Complete Schedule

Title

The Cold War Through Re-Runs: An Examination of the Intersection Between Popular Culture and the Cold War

Presentation Type

Oral Presentation

Keywords

Cold War in popular culture; Cold War--Influence;

Abstract

The Cold War impacted the culture and society of the United States due to the possibility of an ever-present attack from an invisible, radioactive force. This situation played out on television and in movies throughout the extent of the Cold War and in texts looking back at the era. A cultural memory was established through the nostalgic lens of writers and directors creating television shows and movies depicting time throughout the Cold War era. This memory is developed and framed through the depiction of the everyday nature the constant fear of nuclear warfare had on society. The cultural memory and nostalgic favoritism of a nation is examined as I analyze how the Cold War was portrayed in The Wonder Years (1988-1993), a television show set in the 1960s and 1970s, and Forrest Gump (1994), a film about a veteran who is reminiscing about his past life between the 1950s and 1980s. These texts are viewed through a retrospective frame in the same way their writers and producers generated them in their focus on depicting past eras. This analysis is situated with a critical view on audience, identification, and symbolism through a rhetorical perspective that considers the normalization of the Cold War and its impact on the nation’s culture and society.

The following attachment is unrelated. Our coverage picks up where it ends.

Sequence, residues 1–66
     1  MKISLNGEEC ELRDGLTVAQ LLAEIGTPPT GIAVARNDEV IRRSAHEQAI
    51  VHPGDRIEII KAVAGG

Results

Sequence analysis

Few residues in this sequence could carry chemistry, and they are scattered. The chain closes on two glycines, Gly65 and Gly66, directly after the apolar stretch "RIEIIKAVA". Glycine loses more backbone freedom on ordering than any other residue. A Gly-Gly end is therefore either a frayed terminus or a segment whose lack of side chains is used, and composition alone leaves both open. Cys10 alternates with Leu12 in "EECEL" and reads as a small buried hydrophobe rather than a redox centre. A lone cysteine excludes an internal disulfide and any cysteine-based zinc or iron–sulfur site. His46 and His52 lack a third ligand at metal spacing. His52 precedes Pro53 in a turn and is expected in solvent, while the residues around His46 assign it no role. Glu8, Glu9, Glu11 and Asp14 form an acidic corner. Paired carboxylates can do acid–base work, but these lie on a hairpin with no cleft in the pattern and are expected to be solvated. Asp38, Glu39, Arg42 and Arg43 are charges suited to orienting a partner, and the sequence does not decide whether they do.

Start Date

4-4-2017 1:00 PM

End Date

4-4-2017 1:30 PM

Faculty Advisor

David Grant

Department

Department of Languages and Literatures

Comments

Location: Maucker Union State College Room

Embargo Date

4-4-2017

This document is currently not available here.

Share

COinS
 
Apr 4th, 1:00 PM Apr 4th, 1:30 PM

The Cold War Through Re-Runs: An Examination of the Intersection Between Popular Culture and the Cold War

The Cold War impacted the culture and society of the United States due to the possibility of an ever-present attack from an invisible, radioactive force. This situation played out on television and in movies throughout the extent of the Cold War and in texts looking back at the era. A cultural memory was established through the nostalgic lens of writers and directors creating television shows and movies depicting time throughout the Cold War era. This memory is developed and framed through the depiction of the everyday nature the constant fear of nuclear warfare had on society. The cultural memory and nostalgic favoritism of a nation is examined as I analyze how the Cold War was portrayed in The Wonder Years (1988-1993), a television show set in the 1960s and 1970s, and Forrest Gump (1994), a film about a veteran who is reminiscing about his past life between the 1950s and 1980s. These texts are viewed through a retrospective frame in the same way their writers and producers generated them in their focus on depicting past eras. This analysis is situated with a critical view on audience, identification, and symbolism through a rhetorical perspective that considers the normalization of the Cold War and its impact on the nation’s culture and society.